Europe’s growth conundrum

Dominique Strauss-Kahn ©OECD

The gap in productivity and economic performance between the US and Europe has been a source of much debate in recent years, but many experts seem agreed on one point: that a lack of progress on reform in labour and product markets has not helped the European cause.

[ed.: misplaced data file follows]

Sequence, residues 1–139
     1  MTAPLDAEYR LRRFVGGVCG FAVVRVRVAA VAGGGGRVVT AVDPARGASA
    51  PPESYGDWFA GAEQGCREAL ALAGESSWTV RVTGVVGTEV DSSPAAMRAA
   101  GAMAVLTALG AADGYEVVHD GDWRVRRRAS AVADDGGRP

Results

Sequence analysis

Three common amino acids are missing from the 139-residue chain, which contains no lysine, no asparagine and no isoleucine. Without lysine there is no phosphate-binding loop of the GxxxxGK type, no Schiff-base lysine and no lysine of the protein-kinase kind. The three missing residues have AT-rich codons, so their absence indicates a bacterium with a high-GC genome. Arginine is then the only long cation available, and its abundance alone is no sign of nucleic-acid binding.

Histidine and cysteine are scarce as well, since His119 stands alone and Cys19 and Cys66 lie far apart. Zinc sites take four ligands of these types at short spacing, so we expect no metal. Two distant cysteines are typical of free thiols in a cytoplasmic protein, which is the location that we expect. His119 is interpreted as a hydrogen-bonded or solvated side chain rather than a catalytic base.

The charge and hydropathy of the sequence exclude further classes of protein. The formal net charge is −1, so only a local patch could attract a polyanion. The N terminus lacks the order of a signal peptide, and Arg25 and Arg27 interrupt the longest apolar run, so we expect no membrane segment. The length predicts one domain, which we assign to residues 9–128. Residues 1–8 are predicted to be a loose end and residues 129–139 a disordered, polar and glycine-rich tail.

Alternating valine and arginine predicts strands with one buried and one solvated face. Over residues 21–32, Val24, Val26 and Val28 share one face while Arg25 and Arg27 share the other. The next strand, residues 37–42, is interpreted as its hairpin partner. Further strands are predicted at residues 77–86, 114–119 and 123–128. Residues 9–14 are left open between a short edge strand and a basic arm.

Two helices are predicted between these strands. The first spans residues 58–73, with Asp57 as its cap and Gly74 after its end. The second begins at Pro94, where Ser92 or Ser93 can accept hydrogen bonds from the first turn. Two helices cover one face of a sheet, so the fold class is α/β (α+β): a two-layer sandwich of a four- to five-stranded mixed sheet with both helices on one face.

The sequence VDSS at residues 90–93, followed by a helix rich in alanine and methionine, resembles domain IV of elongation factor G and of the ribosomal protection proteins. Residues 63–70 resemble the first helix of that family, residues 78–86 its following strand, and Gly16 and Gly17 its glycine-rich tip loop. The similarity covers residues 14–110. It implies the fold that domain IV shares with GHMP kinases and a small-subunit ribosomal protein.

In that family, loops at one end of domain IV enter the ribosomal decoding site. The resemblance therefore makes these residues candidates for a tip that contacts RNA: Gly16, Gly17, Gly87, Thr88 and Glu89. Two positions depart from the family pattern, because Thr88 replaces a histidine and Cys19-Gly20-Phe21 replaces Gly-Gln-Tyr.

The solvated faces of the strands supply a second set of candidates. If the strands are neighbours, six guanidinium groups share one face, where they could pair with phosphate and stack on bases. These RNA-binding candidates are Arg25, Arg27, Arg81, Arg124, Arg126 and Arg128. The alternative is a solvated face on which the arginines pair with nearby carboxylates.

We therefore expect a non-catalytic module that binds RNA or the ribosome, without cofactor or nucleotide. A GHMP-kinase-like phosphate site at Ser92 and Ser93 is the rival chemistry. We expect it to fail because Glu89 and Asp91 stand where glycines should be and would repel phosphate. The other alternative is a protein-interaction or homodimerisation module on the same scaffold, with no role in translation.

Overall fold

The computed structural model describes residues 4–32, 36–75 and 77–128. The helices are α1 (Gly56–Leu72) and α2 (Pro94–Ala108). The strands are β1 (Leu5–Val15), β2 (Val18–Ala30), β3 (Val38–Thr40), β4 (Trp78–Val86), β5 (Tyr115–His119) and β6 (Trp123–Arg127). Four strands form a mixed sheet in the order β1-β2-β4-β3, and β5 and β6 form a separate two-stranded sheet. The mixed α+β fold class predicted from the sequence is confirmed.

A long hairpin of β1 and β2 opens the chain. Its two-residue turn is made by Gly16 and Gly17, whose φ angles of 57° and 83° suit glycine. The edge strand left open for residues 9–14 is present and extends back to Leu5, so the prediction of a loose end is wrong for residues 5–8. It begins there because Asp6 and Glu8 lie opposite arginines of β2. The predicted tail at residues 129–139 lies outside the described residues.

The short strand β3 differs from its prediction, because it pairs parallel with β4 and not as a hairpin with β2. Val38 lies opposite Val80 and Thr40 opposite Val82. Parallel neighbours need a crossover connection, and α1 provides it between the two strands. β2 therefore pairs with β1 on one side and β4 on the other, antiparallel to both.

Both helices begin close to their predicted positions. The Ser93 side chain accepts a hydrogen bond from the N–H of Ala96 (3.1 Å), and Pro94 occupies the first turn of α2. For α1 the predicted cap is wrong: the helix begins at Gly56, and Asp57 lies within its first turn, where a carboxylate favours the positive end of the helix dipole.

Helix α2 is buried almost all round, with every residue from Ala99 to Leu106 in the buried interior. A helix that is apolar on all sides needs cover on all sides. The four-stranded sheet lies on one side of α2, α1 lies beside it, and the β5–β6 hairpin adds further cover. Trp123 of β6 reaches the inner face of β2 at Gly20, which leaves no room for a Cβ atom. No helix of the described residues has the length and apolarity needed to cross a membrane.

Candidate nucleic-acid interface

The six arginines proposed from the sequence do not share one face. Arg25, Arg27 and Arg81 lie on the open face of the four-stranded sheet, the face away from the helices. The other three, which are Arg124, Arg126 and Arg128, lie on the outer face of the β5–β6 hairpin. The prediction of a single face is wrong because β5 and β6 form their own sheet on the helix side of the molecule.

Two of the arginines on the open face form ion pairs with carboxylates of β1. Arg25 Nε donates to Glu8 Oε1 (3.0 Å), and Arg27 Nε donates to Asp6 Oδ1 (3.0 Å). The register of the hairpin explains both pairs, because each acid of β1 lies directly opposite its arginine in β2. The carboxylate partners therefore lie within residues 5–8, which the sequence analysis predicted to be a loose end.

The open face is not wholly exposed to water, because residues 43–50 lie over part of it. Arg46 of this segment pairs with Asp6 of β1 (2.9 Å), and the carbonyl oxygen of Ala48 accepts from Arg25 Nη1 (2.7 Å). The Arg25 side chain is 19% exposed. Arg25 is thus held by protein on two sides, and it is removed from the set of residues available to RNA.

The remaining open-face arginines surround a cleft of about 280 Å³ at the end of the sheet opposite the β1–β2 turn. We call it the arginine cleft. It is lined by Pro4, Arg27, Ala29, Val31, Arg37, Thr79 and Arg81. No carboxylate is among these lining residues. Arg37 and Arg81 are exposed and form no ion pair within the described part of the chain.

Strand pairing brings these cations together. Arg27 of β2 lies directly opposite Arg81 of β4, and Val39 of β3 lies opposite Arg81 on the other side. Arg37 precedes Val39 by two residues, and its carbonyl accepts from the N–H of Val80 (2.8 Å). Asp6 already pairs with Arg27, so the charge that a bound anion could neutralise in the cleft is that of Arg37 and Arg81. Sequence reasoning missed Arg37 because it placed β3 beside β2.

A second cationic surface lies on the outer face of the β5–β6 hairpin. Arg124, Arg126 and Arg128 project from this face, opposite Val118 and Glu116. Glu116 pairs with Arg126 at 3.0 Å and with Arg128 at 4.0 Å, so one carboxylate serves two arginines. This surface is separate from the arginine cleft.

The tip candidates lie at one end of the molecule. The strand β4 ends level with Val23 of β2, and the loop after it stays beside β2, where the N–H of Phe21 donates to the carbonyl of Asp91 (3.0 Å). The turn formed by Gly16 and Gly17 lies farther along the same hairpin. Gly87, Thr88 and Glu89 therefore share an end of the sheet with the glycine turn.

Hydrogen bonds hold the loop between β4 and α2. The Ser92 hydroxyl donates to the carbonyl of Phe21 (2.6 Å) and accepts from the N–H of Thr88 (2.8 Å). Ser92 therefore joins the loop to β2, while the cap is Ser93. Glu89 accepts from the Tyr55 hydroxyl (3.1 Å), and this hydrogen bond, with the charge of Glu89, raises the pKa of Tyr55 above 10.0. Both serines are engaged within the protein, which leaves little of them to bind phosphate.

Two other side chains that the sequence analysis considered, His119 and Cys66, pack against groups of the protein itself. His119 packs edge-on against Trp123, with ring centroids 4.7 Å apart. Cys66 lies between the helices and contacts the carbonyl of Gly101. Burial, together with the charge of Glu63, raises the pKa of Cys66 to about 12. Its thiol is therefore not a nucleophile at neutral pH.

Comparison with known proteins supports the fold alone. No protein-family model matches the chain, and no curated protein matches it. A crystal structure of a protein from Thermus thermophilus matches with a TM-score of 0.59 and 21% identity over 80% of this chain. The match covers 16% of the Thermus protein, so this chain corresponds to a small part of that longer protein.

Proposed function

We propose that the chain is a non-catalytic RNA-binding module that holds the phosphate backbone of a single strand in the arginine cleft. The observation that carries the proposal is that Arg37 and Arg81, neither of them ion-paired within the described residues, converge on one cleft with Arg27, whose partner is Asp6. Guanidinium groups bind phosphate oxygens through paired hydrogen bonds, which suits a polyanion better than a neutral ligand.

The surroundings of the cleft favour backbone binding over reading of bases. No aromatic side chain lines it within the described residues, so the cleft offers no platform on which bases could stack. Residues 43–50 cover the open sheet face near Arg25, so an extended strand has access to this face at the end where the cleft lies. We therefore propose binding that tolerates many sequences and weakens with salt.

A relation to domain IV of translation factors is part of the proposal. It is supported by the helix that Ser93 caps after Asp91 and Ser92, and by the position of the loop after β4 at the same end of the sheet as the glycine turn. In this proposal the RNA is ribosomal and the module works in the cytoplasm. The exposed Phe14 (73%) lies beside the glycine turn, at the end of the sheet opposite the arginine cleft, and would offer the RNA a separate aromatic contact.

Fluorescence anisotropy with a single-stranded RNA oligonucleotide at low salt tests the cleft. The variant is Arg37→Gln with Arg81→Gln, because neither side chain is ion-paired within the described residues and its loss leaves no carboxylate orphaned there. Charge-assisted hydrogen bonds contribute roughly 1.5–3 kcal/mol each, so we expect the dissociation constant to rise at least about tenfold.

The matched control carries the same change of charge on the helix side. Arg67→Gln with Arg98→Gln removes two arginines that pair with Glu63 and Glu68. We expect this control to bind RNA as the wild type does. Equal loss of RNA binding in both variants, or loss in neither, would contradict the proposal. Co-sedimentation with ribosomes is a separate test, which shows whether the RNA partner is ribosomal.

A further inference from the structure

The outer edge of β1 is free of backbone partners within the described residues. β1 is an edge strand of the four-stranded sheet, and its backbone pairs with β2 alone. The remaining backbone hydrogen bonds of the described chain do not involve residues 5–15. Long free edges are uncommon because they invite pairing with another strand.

This is a constant refrain of the OECD’s Going for Growth series (see Economic reform, A mixed scorecard), and Structural Reform in Europe was also the theme of a one-day high-level conference jointly organised by the OECD and the IMF in Paris in March. Dominique Strauss-Kahn, managing director of the IMF, was a keynote speaker alongside Angel Gurría, secretary-general of the OECD. Other speakers included Joaquín Almunia from the European Commission, and Sweden’s employment minister, Sven Otto Littorin. The following is a short extract from Mr Strauss- Kahn’s speech.“This may seem like a strange time to be holding a conference on structural reform. We are in the middle of a financial crisis, which will have significant economic implications for many countries, so it seems that we have more urgent problems to address.But actually, it’s a good time to talk about structural reform, because it has an important bearing on what Europe will be like when it emerges from the financial crisis, and because mobilising public support for reform is vital to the success of the European model.I have said before that the European model is based on the desire to found a world of justice built on the irreducibility of human dignity. The model requires: that we take human rights seriously; that we focus on culture as a means of human development; that we achieve a balance between economic prosperity, social justice and the environment; and that we promote multilateralism.The key question is whether structural reforms—the kind of reforms that Angel Gurría has talked about—are consistent with this model. I believe that they are mostly consistent with the European model, and with European values; moreover they can provide important support for them, for two reasons.First, because all of the values that we hold will become easier to achieve in an environment of economic growth. Angel [Gurría] has explained very clearly the ways in which structural reforms can help Europe to compete successfully in world markets and to produce high growth. Second, structural reforms can help to create new opportunities for European citizens, which again supports European values. People—especially young people— don’t just want to be protected against failure; they also want the opportunity to be successful. […]We see the benefits of these reforms clearly. But we must also recognise that people are hesitant about structural reform. Policymakers cannot dictate to people on this; they need to persuade people. […]Finally, as we go forward, let us keep our eyes on the prize. The European model is the product of many years of passionate endeavour by the citizens of Europe. It is worth an equal expenditure of passion and effort to sustain it. The model is not static: European governments and institutions must learn from the world and adapt to changes in the world—as their citizens are already doing. But there is also much that Europe can give to the world if we hold fast to the principles of justice and human dignity, and if we approach our reforms with these values always in our minds.”Mr Strauss-Kahn's full speech can be read at more information, contact the OECD Economics Department at also article “Counting the hours”.©OECD Observer No 266 March 2008

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